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Author: Kangaroo Island Landscape Board

The majority of Kangaroo Island (KI) farmers are reliant on winter and spring rainfall generating surface water runoff and watercourse flows to meet their stock water needs. They generally capture and store their water in numerous small dams. Watercourses on KI are predominately ephemeral and the scarce runoff and streamflow in watercourses over summer and autumn is usually too saline for use. Groundwater, where present, is often saline and the aquifers only allow for very low rates of extraction. Public water reticulation is limited and only services three towns and a narrow strip of landholders along the pipeline. During the recent drought from 2017–20, many landholders resorted to expensive and/or time-consuming water carting to see them through.

Climate change model projections for Kangaroo Island under RCP4.5 and RCP8.5 scenarios (relative to a 2011–20 baseline) indicate that by 2090 potential evaporation will have increased between 3–8% across the island. Rainfall is predicted to decline between 6–18% by 2090 with decreased surface water runoff and an increase in droughts and intense rainfall events also expected. 

A graph showing actual and projected rainfall under climate change scenarios for a Kangaroo Island catchment that was used to develop the water security maps.

Droughts take a heavy toll on communities and innovative approaches to water management on KI are needed to reduce the impact of future droughts. It is hoped that by providing better information and support, the KI Landscape Board can improve the drought resilience of the community, reduce the proliferation of small, low-security dams, prevent further stress to water sharing between landholders and increase the viability of businesses that rely on healthy, water dependent ecosystems.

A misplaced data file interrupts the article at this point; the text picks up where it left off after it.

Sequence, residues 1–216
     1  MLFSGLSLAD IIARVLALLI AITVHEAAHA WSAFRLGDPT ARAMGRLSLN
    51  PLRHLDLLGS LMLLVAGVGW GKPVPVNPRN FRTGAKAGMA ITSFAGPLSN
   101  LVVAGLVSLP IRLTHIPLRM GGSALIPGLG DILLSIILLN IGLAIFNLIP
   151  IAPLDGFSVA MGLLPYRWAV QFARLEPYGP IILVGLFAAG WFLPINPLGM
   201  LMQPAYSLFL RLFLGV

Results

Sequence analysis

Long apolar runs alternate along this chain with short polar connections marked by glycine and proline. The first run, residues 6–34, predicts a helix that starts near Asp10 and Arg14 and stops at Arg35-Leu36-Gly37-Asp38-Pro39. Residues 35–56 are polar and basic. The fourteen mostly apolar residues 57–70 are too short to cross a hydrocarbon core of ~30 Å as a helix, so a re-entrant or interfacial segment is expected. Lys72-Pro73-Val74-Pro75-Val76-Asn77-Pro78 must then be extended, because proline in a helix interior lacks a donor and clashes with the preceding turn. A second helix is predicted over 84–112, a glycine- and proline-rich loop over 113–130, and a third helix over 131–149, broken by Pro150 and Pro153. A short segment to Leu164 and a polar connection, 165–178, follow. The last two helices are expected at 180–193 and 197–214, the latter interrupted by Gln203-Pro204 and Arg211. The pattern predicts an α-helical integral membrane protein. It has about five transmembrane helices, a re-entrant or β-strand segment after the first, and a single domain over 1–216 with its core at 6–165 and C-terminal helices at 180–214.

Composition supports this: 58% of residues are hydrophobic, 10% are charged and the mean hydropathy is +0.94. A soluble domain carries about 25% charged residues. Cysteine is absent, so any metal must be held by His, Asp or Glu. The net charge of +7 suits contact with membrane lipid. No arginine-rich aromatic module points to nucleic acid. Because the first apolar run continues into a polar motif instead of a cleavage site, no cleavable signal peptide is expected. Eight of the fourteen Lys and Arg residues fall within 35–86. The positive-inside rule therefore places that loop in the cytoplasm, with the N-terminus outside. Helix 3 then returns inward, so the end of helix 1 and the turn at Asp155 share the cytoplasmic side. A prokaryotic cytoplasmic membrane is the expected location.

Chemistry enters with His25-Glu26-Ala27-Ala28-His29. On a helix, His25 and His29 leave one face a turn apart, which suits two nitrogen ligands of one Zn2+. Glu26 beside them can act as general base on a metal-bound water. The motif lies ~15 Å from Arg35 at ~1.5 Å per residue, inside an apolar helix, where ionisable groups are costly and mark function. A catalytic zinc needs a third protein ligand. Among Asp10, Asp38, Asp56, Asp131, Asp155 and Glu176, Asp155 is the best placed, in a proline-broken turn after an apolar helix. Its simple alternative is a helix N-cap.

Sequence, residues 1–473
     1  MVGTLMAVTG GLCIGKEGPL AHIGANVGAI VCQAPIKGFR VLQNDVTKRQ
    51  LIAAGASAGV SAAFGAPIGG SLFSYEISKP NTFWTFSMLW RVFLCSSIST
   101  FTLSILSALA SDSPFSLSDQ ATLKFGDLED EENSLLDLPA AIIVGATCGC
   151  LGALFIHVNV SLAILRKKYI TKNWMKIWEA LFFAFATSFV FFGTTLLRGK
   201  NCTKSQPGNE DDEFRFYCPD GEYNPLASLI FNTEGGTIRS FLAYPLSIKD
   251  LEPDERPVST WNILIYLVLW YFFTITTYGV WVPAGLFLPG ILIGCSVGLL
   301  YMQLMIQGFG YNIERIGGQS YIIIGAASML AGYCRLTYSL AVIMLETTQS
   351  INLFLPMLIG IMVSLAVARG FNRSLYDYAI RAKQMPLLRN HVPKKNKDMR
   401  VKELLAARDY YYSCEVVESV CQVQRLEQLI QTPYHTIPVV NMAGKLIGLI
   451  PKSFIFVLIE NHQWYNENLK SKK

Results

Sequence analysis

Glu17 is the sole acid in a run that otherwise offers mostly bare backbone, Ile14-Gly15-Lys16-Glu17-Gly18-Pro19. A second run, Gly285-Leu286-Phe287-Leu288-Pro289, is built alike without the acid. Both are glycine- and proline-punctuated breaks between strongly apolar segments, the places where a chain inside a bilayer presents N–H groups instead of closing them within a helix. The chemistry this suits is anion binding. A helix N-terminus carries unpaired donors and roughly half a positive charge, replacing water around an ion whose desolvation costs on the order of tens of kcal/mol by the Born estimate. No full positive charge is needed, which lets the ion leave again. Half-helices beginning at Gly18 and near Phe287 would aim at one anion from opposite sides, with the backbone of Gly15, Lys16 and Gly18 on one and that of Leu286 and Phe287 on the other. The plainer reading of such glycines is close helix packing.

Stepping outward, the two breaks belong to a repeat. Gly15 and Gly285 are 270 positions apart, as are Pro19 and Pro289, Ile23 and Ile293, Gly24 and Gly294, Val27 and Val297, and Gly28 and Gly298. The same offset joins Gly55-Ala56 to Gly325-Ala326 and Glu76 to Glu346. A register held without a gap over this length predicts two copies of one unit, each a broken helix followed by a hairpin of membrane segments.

The KI Landscape Board has developed detailed information on how climate change is likely to impact rainfall, surface water flows and farm dam water security on KI. This has given land managers vital information to inform their water security planning and preparation for future droughts.

A high-resolution digital terrain model was developed and used satellite imagery and downscaled global climate model projections of rainfall and evaporation under 2 greenhouse gas emissions scenarios (RCP4.5 and RCP8.5), at 10 weather stations across the Island, to develop water security indices and calculate future inflow volumes predicted to occur as a result of climate change, at a regional and property scale. This data was then used to develop property-scale water security plans that identify current and forecasted changes to water security for all existing farm dams on Kangaroo Island. The plan maps show a combination of property hydrology, current water security and water security under RCP4.5 and RCP8.5 scenarios in 2050–60 and 2090–2100, for farm dams.

Extension activities provided advice on interpreting the maps and gave information about methods to reduce evaporation and enhance runoff, along with information on the benefits of water reticulation systems and consolidating low water security dams into fewer, better sited, higher water security dams. Two demonstration sites were also established to promote practical ways to enhance runoff and water security: one demonstrating a graded catchment in conjunction with keyline contours connecting two dams and increasing the catchment area, and the other demonstrating a plastic-lined catchment.

An example of a water security map showing the water inflow relative to dam capacity and how this water security index will change by the year 2100

The positive outcomes of this work are expected to continue into the future. The demonstration sites and water security maps will continue to be used to increase understanding and knowledge of climate change impacts and strategies that can be employed to increase on-farm water security on KI. The creation of over 300 water security maps for over 50 landholders led to a high level of interest and strengthened relationships between the Board and landholders.

The KI Landscape Board will continue to promote the outcomes of the project and will work with demonstration site landowners, and the farming community in general, to increase on-farm water security, and strengthen the adoption of drought resilience land management practices, systems and approaches.

To date approximately 120 farmers and landholders (individuals and businesses) have engaged with this work through workshops, demonstration sites, water resource assessments and surveys and receiving mapping products and advice.

This work was supported by the Kangaroo Island Landscape Board, through funding from the Australian Government’s Future Drought Fund.

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